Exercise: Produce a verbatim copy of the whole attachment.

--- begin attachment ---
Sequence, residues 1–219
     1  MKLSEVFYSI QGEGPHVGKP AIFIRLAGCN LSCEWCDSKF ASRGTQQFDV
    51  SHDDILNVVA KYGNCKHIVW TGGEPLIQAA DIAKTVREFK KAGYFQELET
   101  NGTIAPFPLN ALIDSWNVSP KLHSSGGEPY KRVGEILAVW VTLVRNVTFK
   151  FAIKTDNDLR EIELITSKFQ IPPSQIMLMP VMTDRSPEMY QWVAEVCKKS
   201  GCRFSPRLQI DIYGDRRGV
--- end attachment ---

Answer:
Sequence, residues 1–219
     1  MKLSEVFYSI QGEGPHVGKP AIFIRLAGCN LSCEWCDSKF ASRGTQQFDV
    51  SHDDILNVVA KYGNCKHIVW TGGEPLIQAA DIAKTVREFK KAGYFQELET
   101  NGTIAPFPLN ALIDSWNVSP KLHSSGGEPY KRVGEILAVW VTLVRNVTFK
   151  FAIKTDNDLR EIELITSKFQ IPPSQIMLMP VMTDRSPEMY QWVAEVCKKS
   201  GCRFSPRLQI DIYGDRRGV